Tar Seep at Wilshire and Curson

Tar seep at Wilshire Blvd and Curson Avenue (photo by Amy Steinberg)

Observant Buzz reader Amy Steinberg us several photos of tar seeping onto Wilshire Blvd. last week. Curious about the phenomenon, we contacted Dr. Emily Lindsey, Assistant Curator & Excavation Site Director at La Brea Tar Pits,  who told us, “the spill was not connected to our museum, except of course that the reason La Brea Tar Pits have the tar pits is that there is this big underground reservoir of oil (the Salt Lake Oil Field). Structural weaknesses in the rock in the area allow the oil to make its way to the surface.”

Coincidently, that same day,  Dr. Lori Bettison-Varga, President and Director of the Natural History Museums of Los Angeles County (NHMLAC), announced the beginning of a long-term initiative to reimagine and renovate one of the Tar Pits’ most prized components: its 12-acre campus in Hancock Park, encompassing the world-renowned La Brea Tar Pits and the George C. Page Museum.

Three firms were selected to compete for the assignment of leading the master planning team. Dorte Mandrup (Copenhagen), WEISS/MANFREDI (New York) and Diller Scofidio + Renfro (New York) were selected through a process that began in March 2019. The three firms will develop conceptual approaches to the project, which NHMLAC will unveil for public comment in late August 2019. On the basis of its own review and the public’s feedback, NHMLAC expects to announce its chosen firm toward the end of 2019. The firm will then lead a multi-disciplinary creative team through a public engagement, master planning, design and construction process over the next several years.

Dr. Bettison-Varga said, “La Brea Tar Pits and the Page Museum are the only facilities of their kind in the world—an active, internationally renowned site of paleontological research in the heart of a great city, and a museum that both supports the scientists’ work and helps interpret it for more than 400,000 visitors a year. We are excited to seize this once-in-a-lifetime opportunity to not just renovate these facilities thoroughly but also to think deeply about how to make them function as well for neighbors and guests over the next 40 years as they have for the last 40—perhaps, even better. It’s an adventure that starts now, with the blue-sky thinking of our Ideas Incubator, and will continue with the work of three of the best architecture and design teams in the world—and the input of Angelenos as well. We look forward eagerly to seeing the concept proposals and hearing from our community.”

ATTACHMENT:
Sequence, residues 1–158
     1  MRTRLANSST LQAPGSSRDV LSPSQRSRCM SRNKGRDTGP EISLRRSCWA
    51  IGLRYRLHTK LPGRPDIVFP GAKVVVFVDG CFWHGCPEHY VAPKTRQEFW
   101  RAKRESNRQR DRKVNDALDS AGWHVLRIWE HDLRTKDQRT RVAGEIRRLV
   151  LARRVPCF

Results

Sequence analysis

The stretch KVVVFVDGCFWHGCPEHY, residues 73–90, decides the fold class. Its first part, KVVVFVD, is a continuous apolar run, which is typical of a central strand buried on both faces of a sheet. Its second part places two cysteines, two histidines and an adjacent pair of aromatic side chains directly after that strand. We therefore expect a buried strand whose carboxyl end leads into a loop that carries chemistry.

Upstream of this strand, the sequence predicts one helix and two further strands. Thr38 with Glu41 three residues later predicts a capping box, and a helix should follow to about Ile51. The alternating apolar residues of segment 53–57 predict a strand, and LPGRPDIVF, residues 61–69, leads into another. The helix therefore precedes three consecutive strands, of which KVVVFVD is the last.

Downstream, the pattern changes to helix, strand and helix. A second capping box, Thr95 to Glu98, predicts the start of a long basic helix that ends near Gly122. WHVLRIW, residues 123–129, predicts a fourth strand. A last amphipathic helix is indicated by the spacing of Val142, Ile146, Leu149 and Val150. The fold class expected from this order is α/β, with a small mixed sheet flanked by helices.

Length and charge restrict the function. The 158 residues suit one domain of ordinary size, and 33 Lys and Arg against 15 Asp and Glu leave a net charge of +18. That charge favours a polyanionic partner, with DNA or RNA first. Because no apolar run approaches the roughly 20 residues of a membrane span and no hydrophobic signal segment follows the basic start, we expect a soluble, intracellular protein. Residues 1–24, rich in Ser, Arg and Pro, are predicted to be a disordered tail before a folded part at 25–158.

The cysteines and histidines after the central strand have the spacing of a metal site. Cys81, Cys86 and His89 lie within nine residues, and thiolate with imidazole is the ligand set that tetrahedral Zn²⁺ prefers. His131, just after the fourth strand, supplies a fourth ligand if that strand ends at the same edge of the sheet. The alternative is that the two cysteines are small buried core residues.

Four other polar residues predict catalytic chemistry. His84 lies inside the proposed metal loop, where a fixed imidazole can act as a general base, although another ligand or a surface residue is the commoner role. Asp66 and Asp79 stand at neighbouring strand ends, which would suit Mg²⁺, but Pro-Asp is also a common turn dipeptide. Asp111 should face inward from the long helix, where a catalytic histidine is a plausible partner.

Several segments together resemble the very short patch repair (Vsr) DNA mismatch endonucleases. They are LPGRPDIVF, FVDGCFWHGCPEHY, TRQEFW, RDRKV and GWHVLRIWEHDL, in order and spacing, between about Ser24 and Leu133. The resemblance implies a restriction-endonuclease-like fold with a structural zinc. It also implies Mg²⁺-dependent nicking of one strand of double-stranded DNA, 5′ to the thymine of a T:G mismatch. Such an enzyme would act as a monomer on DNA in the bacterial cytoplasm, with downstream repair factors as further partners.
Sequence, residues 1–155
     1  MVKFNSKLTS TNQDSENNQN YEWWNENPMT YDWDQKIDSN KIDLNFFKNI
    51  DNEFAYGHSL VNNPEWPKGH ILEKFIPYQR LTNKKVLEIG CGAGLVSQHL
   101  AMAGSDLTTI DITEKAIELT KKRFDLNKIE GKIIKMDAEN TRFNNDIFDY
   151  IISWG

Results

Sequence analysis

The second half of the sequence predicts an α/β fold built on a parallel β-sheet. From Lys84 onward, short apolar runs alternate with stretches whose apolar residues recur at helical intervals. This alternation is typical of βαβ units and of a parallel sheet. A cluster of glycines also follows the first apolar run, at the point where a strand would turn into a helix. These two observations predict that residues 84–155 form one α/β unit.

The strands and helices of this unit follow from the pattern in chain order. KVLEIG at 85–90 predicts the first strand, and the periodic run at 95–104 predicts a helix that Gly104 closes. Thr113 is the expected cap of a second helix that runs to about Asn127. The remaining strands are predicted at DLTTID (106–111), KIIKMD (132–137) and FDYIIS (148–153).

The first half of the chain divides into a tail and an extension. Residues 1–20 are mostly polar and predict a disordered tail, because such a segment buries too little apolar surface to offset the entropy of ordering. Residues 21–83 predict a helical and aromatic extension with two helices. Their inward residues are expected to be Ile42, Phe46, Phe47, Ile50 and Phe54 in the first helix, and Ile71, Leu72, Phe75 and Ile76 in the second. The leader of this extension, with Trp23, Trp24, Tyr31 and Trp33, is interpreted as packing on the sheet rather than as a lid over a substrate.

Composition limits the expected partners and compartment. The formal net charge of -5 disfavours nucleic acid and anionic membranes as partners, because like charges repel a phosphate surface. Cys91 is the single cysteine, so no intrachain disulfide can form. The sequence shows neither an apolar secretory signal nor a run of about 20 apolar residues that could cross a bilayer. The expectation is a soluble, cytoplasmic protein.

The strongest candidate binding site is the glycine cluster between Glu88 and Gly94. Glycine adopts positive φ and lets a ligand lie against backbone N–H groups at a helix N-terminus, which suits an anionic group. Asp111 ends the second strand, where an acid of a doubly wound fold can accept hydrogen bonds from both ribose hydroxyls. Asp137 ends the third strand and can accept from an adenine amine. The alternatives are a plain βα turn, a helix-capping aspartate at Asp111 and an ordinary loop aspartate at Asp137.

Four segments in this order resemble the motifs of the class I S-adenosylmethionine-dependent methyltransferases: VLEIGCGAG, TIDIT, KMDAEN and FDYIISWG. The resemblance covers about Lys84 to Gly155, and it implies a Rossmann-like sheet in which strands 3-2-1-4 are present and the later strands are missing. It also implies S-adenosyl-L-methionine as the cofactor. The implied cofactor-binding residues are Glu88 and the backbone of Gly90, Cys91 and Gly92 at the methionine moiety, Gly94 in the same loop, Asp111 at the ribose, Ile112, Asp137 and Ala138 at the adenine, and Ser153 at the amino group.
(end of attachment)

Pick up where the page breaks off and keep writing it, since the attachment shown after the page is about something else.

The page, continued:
Another view of the seep at the southwest corner of Wilshire Blvd. and Curson Avenue on June 6, 2019 (photo by Amy Steinberg)

And, as you can see, it is indeed an active site!

 

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About Patricia Lombard

Patricia Lombard is the co-editor and publisher of the Larchmont Buzz. Patty lives with her family in Fremont Place. She has been active in neighborhood issues since moving here in 1989. Her pictorial history, "Larchmont" for Arcadia Press is available at Chevalier's Books.

2 thoughts on “Tar Seep at Wilshire and Curson

  1. I used to work a block away and that activity has been ‘bubbling up’ on that corner for at least 5 years. It used to be cordoned off so no one would step in it. It seems very exposed in those pictures and a potential liability for the City?

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